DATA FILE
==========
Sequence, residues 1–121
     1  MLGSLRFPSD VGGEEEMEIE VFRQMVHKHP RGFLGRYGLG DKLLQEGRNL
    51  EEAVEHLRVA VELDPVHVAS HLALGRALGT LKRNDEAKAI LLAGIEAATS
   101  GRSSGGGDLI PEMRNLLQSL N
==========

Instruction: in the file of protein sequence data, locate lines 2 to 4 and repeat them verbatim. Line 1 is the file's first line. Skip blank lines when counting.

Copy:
     1  MLGSLRFPSD VGGEEEMEIE VFRQMVHKHP RGFLGRYGLG DKLLQEGRNL
    51  EEAVEHLRVA VELDPVHVAS HLALGRALGT LKRNDEAKAI LLAGIEAATS
   101  GRSSGGGDLI PEMRNLLQSL N